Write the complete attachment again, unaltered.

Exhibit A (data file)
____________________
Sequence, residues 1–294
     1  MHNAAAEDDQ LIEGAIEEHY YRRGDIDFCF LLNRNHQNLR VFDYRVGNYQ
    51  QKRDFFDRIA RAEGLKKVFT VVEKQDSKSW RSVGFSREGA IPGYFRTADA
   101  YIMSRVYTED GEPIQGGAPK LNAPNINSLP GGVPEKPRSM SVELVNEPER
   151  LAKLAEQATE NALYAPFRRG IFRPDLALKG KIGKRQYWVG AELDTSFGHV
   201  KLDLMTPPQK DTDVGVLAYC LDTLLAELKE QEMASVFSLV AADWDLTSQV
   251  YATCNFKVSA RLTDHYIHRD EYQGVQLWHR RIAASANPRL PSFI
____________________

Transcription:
Sequence, residues 1–294
     1  MHNAAAEDDQ LIEGAIEEHY YRRGDIDFCF LLNRNHQNLR VFDYRVGNYQ
    51  QKRDFFDRIA RAEGLKKVFT VVEKQDSKSW RSVGFSREGA IPGYFRTADA
   101  YIMSRVYTED GEPIQGGAPK LNAPNINSLP GGVPEKPRSM SVELVNEPER
   151  LAKLAEQATE NALYAPFRRG IFRPDLALKG KIGKRQYWVG AELDTSFGHV
   201  KLDLMTPPQK DTDVGVLAYC LDTLLAELKE QEMASVFSLV AADWDLTSQV
   251  YATCNFKVSA RLTDHYIHRD EYQGVQLWHR RIAASANPRL PSFI